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Head Beliefs vs. Heart Beliefs

brainheartThere are some life skills I’ve picked up that have pretty much made the adult me.

The ability to apologize. You wouldn’t believe how far that takes you with people.

The ability to laugh at oneself. Which, naturally, makes me a one-man comedy.

The ability to say no to purchases I don’t need. No TV/Netflix, used cars…it adds up over the years.

But probably the most valuable life skill is the ability to articulate the hidden lies I’m believing.

I submit that we have two kinds of beliefs: head beliefs and heart beliefs. Head beliefs are the ones we’re aware of, the ones we’ve explicitly processed and given mental consent to, like the existence of gravity, or the depth of God’s love. It’s easier to articulate those beliefs, though we don’t necessarily act according to them.

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Did You Become a Better Person in 2017?

climbNo, I’m not dead.

*big sigh of relief (or disappointment)*

I just stepped away from the blog for a few weeks over the holiday, and honestly, it was nice to escape the pressure. I’m back now, and looking forward to your readership in 2018.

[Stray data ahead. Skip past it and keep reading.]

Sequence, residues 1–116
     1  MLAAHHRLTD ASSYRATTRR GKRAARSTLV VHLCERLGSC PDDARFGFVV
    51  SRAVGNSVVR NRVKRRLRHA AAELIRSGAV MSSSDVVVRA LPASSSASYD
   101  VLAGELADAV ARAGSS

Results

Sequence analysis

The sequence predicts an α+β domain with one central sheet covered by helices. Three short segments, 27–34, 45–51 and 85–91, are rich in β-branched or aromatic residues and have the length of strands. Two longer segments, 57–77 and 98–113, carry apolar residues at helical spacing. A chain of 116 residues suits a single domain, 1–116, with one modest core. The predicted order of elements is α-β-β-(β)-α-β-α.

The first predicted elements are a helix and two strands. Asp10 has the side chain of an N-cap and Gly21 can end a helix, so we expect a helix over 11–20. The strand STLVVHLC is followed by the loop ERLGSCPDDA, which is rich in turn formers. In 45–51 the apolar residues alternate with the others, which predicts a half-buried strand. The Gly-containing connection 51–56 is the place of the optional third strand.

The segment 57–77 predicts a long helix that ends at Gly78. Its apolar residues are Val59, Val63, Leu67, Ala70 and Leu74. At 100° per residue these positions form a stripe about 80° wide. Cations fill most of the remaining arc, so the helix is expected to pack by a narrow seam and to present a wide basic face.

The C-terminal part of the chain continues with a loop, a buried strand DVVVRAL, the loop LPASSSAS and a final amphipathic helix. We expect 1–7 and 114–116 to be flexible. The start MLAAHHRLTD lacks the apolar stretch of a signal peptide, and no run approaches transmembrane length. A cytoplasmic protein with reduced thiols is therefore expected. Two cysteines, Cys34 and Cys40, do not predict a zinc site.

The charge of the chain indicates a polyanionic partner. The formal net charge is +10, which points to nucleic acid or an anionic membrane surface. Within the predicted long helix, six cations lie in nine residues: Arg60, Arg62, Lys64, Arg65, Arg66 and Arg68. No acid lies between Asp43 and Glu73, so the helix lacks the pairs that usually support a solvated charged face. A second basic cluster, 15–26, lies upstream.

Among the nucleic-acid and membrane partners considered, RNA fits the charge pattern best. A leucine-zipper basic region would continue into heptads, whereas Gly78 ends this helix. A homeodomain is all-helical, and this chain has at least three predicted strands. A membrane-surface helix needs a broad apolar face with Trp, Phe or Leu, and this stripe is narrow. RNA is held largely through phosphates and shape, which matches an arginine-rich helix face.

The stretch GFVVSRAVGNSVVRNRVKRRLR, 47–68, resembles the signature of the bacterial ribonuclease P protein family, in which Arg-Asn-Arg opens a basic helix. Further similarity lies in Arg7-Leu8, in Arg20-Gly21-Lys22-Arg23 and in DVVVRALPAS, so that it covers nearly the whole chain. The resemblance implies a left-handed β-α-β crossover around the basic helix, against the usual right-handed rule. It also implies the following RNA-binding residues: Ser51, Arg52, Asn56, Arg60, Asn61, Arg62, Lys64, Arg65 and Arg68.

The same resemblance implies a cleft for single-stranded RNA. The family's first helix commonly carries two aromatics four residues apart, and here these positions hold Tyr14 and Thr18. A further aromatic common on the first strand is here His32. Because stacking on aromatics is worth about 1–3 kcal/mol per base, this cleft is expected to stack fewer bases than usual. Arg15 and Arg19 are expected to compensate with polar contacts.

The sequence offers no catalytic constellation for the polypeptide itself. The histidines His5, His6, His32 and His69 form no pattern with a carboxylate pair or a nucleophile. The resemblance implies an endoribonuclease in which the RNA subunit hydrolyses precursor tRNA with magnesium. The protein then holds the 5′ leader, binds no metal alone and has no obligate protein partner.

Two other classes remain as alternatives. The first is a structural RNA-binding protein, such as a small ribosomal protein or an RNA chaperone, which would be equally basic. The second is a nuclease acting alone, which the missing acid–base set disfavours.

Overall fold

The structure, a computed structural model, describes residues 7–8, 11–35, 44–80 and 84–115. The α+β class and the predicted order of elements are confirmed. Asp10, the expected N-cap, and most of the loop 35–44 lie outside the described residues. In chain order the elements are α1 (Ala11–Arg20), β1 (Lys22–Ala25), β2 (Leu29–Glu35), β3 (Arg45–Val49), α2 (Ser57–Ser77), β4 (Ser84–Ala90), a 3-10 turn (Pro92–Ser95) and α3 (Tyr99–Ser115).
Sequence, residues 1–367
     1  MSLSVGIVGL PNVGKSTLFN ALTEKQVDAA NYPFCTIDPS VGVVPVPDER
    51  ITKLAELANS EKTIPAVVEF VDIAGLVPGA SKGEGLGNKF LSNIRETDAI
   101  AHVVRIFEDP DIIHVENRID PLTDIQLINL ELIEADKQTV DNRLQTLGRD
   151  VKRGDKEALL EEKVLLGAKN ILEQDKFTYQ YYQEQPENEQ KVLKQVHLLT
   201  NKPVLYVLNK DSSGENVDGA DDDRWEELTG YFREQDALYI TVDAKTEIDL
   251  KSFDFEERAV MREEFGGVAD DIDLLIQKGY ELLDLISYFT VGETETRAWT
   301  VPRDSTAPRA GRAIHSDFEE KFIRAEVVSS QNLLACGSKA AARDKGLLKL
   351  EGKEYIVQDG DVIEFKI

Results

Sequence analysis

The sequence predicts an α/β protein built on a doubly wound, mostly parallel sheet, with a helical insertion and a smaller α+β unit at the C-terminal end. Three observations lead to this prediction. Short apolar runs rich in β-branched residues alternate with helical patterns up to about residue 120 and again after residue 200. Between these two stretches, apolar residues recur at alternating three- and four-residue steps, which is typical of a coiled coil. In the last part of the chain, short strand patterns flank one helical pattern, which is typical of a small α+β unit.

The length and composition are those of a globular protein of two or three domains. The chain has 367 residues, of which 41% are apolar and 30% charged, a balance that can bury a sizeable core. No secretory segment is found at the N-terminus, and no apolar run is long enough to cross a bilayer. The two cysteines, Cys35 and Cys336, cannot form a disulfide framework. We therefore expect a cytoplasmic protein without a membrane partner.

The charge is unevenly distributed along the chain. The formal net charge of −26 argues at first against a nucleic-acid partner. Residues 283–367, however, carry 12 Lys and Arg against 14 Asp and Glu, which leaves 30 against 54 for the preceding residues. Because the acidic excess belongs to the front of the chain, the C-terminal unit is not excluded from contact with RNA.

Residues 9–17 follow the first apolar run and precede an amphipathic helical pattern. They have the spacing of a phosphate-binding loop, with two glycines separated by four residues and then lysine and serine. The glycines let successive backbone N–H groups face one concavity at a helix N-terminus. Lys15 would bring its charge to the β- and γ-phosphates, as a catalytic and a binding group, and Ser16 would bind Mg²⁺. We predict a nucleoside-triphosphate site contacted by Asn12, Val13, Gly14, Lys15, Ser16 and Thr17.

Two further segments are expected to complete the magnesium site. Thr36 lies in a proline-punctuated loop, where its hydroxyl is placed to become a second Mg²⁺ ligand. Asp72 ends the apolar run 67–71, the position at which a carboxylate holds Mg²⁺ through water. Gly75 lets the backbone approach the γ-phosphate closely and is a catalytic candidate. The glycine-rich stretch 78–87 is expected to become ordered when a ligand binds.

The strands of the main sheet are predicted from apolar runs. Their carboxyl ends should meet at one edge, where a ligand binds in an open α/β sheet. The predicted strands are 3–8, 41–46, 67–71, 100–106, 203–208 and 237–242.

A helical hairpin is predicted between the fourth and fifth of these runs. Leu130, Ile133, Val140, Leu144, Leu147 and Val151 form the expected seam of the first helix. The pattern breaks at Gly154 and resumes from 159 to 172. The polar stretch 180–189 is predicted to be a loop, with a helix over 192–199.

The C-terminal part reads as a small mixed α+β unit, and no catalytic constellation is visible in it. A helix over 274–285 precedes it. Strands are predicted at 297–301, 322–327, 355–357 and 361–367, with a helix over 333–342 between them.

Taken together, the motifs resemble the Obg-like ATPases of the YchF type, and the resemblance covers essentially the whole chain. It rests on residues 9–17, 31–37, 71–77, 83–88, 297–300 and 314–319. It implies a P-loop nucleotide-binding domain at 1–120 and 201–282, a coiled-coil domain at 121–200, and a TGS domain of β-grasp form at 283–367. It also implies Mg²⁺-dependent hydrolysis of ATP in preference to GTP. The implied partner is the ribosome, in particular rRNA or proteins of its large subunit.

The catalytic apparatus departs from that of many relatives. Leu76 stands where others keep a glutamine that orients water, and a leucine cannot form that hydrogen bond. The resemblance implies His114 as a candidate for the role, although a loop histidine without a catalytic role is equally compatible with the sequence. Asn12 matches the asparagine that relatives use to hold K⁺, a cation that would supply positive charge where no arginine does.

It’s funny…when people ask me how my 2017 went, I’ve found that my usual reaction is to fall back on the typical “oh man it was horrible, toss that one in the bin and bring in 2018!” that we all cynically throw around for a laugh. Or some version of that.

But then I stopped and realized…my 2017 was actually rather terrific.

…is it okay to say that?

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Renouncing the “Manipulative Mother” God

reachHave you ever been convinced that God is deliberately withholding something from you so that you’ll become more satisfied in him?

We want something. Said something delays and proves elusive. We consider the idea that God is behind the delays and start exploring the reasons why he might say no (a long research, as many of us know).

We discover a number of possibilities, each with a basis in Scripture. We learn that we might simply need to persist in prayer. Elijah did – and on something that he not only already knew was God’s will (making it rain) but held the sole responsibility in Israel for making happen, by God’s own decree.

We consider the possibility that our requests might not be as beneficial for us as we think (or that their timing might not be).

We learn that Satan has a role in our lives, and that God provides tools for resisting his ravages.

We examine our own hearts and lives to make sure our own sin is not setting us back.

But stick to your search for long enough and one theory will start cropping up and standing out more than any other: the idea that God is saying no purely to make you more satisfied in him.